In these times when much is spoken and written about the impact of global warming on our ecosystems, the environment surrounding loggerhead sea turtles is also beginning to be threatened in various ways: among them, an increasingly disproportionate number of females, attributable to rising temperatures of the sand in which the turtles lay eggs; and loss of sandy beaches suitable for nesting caused by rising sea levels and placement of wave-dissipating blocks. Today, as human activities impact the environment in so many forms, with consequences being felt the world over, MHI Group believes that what we can do is to take responsibility for our actions. And this, we further believe, will lead to achievement of the Sustainable Development Goals (SDGs), which target a sustainable, better world. Going forward, we will continue to strive to protect the environment and biodiversity in line with our CSR Action Guidelines.
- Sea turtles are unusual in that male or female births are determined by the temperature in which the eggs incubate. Incubation below 29-30℃ produces male hatchlings; incubation in higher temperatures yields females.
WHAT WE HAVE LEARNED IN THE SURVEY'S FIRST 6 YEARS
Yoshimasa Matsuzawa, chairman of the Sea Turtle Association of Japan and chief researcher of the Tanegashima Loggerhead Sea Turtle Survey program, spoke of the project's results and significance. "At the Kennedy Space Center in Florida, NASA (National Aeronautics and Space Administration) employees conduct ecological surveys of the local loggerhead sea turtles, so when we received an offer of support from MHI, which is involved in launch operations at the Tanegashima Space Center, I felt a strong sense of karma. I'd always wanted to conduct a survey in Tanegashima but never had the opportunity, so I was very grateful to receive MHI's offer of assistance. After six years, the survey has yielded numerical data that will serve as a basis for getting an overall understanding of the sea turtle population active in the northern Pacific Ocean, including the waters around Japan. Sadly, unlike other global nesting grounds such as Florida in North America, loggerhead sea turtles that nest in Japan seem to be dying off at a higher rate."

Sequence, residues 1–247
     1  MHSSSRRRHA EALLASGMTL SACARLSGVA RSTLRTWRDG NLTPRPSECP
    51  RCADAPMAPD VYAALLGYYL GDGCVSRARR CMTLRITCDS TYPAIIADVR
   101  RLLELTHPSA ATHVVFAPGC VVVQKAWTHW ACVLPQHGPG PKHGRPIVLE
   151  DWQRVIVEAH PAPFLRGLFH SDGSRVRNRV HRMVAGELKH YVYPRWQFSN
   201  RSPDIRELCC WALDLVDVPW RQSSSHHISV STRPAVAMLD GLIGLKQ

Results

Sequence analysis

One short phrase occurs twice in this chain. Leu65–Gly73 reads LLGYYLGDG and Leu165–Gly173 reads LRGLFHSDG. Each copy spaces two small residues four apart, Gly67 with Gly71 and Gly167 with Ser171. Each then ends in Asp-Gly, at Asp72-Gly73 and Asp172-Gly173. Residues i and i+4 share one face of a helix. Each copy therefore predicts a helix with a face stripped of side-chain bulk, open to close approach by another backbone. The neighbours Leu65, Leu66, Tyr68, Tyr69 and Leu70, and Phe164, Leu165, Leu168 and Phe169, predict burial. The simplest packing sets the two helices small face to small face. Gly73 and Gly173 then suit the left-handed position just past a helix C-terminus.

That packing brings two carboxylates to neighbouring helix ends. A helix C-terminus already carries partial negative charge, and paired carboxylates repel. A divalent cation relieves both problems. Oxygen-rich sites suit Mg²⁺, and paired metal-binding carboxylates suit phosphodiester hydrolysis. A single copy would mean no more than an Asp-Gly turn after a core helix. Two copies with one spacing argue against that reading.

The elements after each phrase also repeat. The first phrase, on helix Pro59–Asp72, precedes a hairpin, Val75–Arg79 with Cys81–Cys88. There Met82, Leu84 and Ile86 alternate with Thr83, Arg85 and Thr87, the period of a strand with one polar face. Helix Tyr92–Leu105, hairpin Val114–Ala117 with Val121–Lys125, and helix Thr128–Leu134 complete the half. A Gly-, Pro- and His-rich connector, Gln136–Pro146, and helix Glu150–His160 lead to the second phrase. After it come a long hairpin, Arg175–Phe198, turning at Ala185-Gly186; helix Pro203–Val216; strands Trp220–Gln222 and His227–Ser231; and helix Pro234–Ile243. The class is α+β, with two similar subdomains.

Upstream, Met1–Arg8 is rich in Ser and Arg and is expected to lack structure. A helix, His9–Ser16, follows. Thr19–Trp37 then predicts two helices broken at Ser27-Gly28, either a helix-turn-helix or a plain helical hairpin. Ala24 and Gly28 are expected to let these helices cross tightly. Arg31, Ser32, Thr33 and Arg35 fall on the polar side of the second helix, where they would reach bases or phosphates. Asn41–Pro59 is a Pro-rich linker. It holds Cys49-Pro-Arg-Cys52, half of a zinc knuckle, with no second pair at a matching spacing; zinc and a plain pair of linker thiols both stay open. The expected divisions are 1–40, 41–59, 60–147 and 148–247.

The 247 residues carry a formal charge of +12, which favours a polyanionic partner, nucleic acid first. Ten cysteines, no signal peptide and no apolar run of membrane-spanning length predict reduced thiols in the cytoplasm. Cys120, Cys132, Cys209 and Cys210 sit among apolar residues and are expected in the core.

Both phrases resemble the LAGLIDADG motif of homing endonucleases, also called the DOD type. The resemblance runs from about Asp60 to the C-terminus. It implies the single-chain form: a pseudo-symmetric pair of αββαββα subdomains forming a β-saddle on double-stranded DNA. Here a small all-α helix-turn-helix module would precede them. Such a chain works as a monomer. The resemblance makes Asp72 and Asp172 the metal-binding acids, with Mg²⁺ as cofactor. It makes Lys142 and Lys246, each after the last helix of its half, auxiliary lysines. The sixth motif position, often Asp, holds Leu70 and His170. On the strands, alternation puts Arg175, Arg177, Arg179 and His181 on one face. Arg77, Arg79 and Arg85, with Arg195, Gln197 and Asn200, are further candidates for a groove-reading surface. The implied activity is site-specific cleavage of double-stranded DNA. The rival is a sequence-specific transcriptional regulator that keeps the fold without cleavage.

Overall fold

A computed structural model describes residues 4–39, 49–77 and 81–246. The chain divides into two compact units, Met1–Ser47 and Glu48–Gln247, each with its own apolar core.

In the six years of the survey from 2015 through 2020, a total of 155 loggerhead sea turtles were identified as having come ashore at Tanegashima to nest. From the data compiled, it was learned that, as at other nesting grounds around Japan, approximately 30 percent of the total number return after several years to lay eggs. It was also found that extremely few turtles travel between Tanegashima and Yakushima. Together these two facts lend credence to the hypothesis that between 60 and 70 percent of the loggerhead sea turtles that are born in Japan and nest in Japan die for some reason. Mr. Matsuzawa expects that the collected data will undergo analyses of all kinds in Japan and the United States. He adds that by shedding light on the still mysterious ecology of loggerhead sea turtles, it will become possible to detect, and prevent, situations which put the turtles at risk. For this reason, he believes continuing the survey program at Tanegashima is of great importance.
Yoshimasa Matsuzawa (PhD)
Chairman, Sea Turtle Association of Japan
Mr. Matsuzawa is a specialist in marine ecology. He began studying sea turtles, at nesting grounds in Wakayama Prefecture, during his student days at Kyoto University (Faculty of Agriculture). He received a doctoral degree in 1998 for his research on the impact of temperature on the embryonic development and sex determination of sea turtles. After previously working at the University of Florida's Archie Carr Center for Sea Turtle Research, the Sea Turtle Association of Japan, and Kobe City Suma Aqualife Park, since March 2020 Mr. Matsuzawa serves as director of the newly opened Shikoku Aquarium in Utazu, Kagawa Prefecture.
- Sea Turtle Association of Japan (Japanese only )
- EarthWatch Institute Japan (Japanese only )
- EarthWatch Institute